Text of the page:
The most common way people are infected with HIV is by having sex with an infected person. You can't tell by looking at a person whether they have HIV, so you have to protect yourself -- and your sex partner.
Don't have unprotected sex outside marriage or a committed relationship. If you or your partner has ever had unprotected sex -- or if either of you uses injected drugs -- the only way to be sure you don't have HIV is to get tested. Have two HIV tests six months apart, with no new sex partners or injection drug use between tests.
You can't get HIV if your penis, mouth, vagina, or anus doesn't touch another person's penis, mouth, vagina, or anus. Kissing, erotic massage, and mutual masturbation are safe sex activities.
You can greatly reduce your risk by using a latex or polyurethane condom during sex. Don't use natural-skin condoms -- they prevent pregnancy, but they don't prevent infections. Put on the condom on as soon as you or a male partner has an erection, not just before ejaculation. Use a lubricant -- but never use an oil-based lubricant with a latex condom. The female condom, called a vaginal pouch, also protects against disease.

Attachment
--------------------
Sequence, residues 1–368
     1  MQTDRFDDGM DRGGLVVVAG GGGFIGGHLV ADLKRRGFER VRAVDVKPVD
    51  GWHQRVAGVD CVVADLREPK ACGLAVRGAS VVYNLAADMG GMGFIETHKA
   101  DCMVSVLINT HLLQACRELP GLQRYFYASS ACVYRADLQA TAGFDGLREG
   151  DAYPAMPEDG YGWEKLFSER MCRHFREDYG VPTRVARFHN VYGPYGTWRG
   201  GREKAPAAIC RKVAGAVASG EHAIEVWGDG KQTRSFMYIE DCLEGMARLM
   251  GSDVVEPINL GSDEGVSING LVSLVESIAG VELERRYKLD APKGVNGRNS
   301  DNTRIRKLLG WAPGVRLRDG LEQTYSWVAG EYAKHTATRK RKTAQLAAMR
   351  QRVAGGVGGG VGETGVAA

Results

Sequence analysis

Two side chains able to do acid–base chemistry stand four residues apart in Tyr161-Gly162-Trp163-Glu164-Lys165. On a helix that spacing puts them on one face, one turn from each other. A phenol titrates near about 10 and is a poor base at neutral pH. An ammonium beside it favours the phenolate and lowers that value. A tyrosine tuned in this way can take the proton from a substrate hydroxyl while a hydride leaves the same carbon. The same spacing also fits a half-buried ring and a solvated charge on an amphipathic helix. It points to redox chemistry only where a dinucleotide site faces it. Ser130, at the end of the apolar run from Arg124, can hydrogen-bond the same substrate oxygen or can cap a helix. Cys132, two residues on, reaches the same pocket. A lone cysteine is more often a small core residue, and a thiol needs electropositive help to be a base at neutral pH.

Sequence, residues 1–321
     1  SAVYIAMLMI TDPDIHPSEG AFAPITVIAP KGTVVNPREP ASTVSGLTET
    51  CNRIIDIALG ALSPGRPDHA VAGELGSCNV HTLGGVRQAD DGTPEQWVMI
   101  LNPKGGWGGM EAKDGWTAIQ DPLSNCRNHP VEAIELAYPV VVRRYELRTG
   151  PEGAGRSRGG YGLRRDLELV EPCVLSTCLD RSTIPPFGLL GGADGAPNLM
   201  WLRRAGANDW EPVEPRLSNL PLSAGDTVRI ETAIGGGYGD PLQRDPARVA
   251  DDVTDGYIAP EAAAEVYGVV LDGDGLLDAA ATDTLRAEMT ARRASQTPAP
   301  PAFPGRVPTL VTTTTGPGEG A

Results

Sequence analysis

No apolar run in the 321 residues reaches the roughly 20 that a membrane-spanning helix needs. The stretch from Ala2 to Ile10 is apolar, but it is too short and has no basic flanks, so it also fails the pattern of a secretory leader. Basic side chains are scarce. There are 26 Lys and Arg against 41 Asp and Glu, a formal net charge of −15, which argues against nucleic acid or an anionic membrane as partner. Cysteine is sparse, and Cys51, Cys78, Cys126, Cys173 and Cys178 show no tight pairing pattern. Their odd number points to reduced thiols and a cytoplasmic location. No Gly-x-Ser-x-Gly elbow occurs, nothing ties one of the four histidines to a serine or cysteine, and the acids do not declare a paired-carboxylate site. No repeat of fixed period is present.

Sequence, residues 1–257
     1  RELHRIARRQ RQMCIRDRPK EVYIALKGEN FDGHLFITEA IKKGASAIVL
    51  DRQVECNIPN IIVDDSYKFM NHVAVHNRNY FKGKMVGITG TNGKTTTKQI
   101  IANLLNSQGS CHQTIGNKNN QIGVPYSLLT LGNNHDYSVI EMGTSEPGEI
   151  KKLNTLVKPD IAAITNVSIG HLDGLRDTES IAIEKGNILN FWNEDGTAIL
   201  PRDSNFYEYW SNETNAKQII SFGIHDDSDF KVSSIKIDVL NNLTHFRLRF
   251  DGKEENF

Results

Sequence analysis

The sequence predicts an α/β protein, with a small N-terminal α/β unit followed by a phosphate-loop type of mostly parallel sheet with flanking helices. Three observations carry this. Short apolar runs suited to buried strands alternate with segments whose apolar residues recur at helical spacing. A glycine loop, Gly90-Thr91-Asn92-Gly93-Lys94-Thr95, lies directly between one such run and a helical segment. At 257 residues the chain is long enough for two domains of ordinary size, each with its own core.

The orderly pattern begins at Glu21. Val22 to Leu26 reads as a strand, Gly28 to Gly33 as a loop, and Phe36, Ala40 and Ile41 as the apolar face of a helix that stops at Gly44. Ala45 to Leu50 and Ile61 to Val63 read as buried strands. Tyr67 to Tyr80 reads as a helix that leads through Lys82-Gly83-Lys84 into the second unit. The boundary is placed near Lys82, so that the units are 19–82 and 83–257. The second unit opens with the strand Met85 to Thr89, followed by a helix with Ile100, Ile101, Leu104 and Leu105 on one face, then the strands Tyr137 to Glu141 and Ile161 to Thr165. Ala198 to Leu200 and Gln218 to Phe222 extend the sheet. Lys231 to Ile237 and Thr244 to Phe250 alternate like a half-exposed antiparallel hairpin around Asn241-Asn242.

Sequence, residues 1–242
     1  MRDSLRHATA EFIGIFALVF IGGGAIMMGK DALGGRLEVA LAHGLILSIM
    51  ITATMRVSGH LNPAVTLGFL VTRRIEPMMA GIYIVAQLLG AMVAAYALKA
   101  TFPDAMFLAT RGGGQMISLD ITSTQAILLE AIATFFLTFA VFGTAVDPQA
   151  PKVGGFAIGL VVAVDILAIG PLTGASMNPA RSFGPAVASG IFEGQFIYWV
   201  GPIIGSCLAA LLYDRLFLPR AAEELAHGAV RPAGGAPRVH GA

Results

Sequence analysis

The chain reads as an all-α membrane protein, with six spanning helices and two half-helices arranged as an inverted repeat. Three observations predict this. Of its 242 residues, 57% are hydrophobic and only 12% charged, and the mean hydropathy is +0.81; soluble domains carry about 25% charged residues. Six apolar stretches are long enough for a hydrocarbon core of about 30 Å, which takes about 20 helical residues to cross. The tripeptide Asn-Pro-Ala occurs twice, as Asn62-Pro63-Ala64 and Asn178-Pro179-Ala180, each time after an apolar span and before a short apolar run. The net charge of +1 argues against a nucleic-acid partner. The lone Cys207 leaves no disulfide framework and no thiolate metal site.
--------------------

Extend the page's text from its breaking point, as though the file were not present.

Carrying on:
Oral sex without a condom or latex dam is not safe, but it's far safer than unprotected intercourse.
The HIV drug Truvada has been approved for use in those at high risk as a way to prevent HIV infection. It's to be used in conjunction with safe sex practices.
Drug Use and HIV Prevention
Using drugs increases your HIV risk. If you're not ready to stop taking drugs, you can still reduce your risk of getting HIV/AIDS. Here's how:
Don't have sex when you're high. It's easy to forget about safe sex when you're on drugs.
If you use drugs, don't inject them.
If you inject drugs, don't share the equipment. This includes every piece of it: needles, syringes, cookers, cotton, and rinse water. Some states have needle-exchange programs where you can trade in dirty equipment for new equipment.